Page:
• be presented in a style and length that makes it suitable for web publication.

3.17 Assessors tested ‘readability’ using the Flesch-Kincaid Reading East test.[7] The test uses a formula to calculate the readability of text by measuring word length and sentence length. Higher test scores indicate the text is easier to read, while lower scores suggest the text is more complicated and may be difficult to read. For example, a score of 80 would indicate high readability, while a score of 20 would indicate low readability. A score of 65 or higher on the test indicates the privacy policy can be easily read by a 13-14 year old.

Observations

3.18 Two agencies had updated TPP privacy policies on their websites and only those agencies were assessed in relation to Readability.[8]

3.19 Assessors made the following observations:

  • the privacy policies assessed had low readability scores indicating the text may be difficult to read by some audiences
  • one agency showed a Flesch-Kincaid score of 25.4, indicating the policy should be easily understood by a 22-23 year old. The other agency showed a Flesch-Kincaid score of 39.6, indicating the policy should be easily understood by a 17-18 year old
  • the two privacy policies were easy to navigate and were of a suitable length and structure for web publication (both were 7-10 pages long). The policies used a contents page and headings, which enabled the OAIC to find information within the policy easily.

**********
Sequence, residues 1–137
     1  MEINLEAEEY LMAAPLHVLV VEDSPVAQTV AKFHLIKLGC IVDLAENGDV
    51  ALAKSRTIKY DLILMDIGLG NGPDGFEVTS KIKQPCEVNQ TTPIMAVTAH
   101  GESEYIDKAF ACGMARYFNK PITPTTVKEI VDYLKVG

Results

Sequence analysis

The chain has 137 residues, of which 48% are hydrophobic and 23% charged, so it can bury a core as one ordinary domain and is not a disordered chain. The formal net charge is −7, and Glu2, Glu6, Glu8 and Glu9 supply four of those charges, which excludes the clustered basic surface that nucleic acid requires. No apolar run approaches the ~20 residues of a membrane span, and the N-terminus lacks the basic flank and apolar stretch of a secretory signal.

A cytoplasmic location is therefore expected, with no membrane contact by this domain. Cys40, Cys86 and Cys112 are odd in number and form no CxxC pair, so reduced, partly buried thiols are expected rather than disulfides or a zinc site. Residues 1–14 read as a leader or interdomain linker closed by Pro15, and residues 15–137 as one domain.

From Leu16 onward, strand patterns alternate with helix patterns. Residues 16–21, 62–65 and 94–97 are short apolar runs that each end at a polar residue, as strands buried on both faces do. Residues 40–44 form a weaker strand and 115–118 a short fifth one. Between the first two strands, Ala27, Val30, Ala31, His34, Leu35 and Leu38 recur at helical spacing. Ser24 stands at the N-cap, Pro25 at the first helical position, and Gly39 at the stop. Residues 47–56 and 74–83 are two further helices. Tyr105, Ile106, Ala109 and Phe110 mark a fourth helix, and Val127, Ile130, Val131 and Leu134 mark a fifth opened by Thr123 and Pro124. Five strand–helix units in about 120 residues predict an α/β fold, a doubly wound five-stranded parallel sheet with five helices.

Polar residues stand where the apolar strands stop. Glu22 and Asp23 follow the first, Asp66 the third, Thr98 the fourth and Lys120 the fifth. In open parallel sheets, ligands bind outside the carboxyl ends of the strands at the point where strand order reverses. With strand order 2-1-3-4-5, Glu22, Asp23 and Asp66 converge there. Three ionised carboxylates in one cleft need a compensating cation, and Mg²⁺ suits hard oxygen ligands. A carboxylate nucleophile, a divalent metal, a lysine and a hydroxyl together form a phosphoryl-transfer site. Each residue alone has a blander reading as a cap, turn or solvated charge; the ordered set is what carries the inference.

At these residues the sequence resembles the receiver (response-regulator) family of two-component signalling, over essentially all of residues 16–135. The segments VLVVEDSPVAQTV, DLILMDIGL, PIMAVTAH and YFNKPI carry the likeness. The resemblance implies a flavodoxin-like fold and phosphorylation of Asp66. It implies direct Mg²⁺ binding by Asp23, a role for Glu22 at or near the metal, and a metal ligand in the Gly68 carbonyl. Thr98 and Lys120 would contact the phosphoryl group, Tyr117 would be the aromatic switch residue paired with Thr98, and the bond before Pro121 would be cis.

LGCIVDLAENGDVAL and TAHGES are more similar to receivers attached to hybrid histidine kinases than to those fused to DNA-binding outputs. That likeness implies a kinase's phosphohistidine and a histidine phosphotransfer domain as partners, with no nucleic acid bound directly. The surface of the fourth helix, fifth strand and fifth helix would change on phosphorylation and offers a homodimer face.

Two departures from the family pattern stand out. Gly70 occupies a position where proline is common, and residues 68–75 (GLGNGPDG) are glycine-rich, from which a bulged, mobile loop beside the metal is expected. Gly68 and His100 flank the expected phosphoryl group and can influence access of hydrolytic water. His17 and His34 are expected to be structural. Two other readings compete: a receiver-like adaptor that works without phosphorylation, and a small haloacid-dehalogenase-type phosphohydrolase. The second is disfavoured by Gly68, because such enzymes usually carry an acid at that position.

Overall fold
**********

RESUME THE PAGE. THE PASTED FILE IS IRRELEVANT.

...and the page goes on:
Privacy risks

3.20 TPP 1.3 requires that privacy policies should be clearly expressed and up-to-date. At a minimum a clearly expressed policy should be easy to understand, easy to navigate and only include information that is relevant to the management of personal information by the entity. The low readability scores of the privacy policies indicate that some audiences may find the texts difficult to understand, which places agencies at risk of not meeting the requirements of TPP 1.3.

3.21 Privacy policies that are difficult to navigate may hinder an individual’s ability to understand the information contained in the policy. Navigability could be improved by using a layered approach to assist an individual’s understanding of the information in the policy. A layered approach means providing a condensed version of the full policy to outline key information, with direct links to the more detailed information in the full policy.[9]

Recommendation

3.22 It is recommended that portfolio agencies review existing TPP privacy policies (or those that will be developed) for readability to ensure the policy reflects the requirements of TPP 1.3.

Criterion 3 – Contactability (TPP 1.4)

3.23 TPP 1.4 requires a TPP privacy policy to include information about how an individual may access their personal information and how an individual may make a complaint. This necessarily requires a privacy policy to provide the contact details for an individual to make such requests.

3.24 This criterion expanded on the requirements of TPP 1.4 and the OAIC also looked at whether privacy related contact information was available elsewhere on the agency websites.

Observations

3.25 Assessors made the following observations:

  • two agencies provided information about how an individual may access their personal information and submit a complaint in the TPP privacy policies available on their websites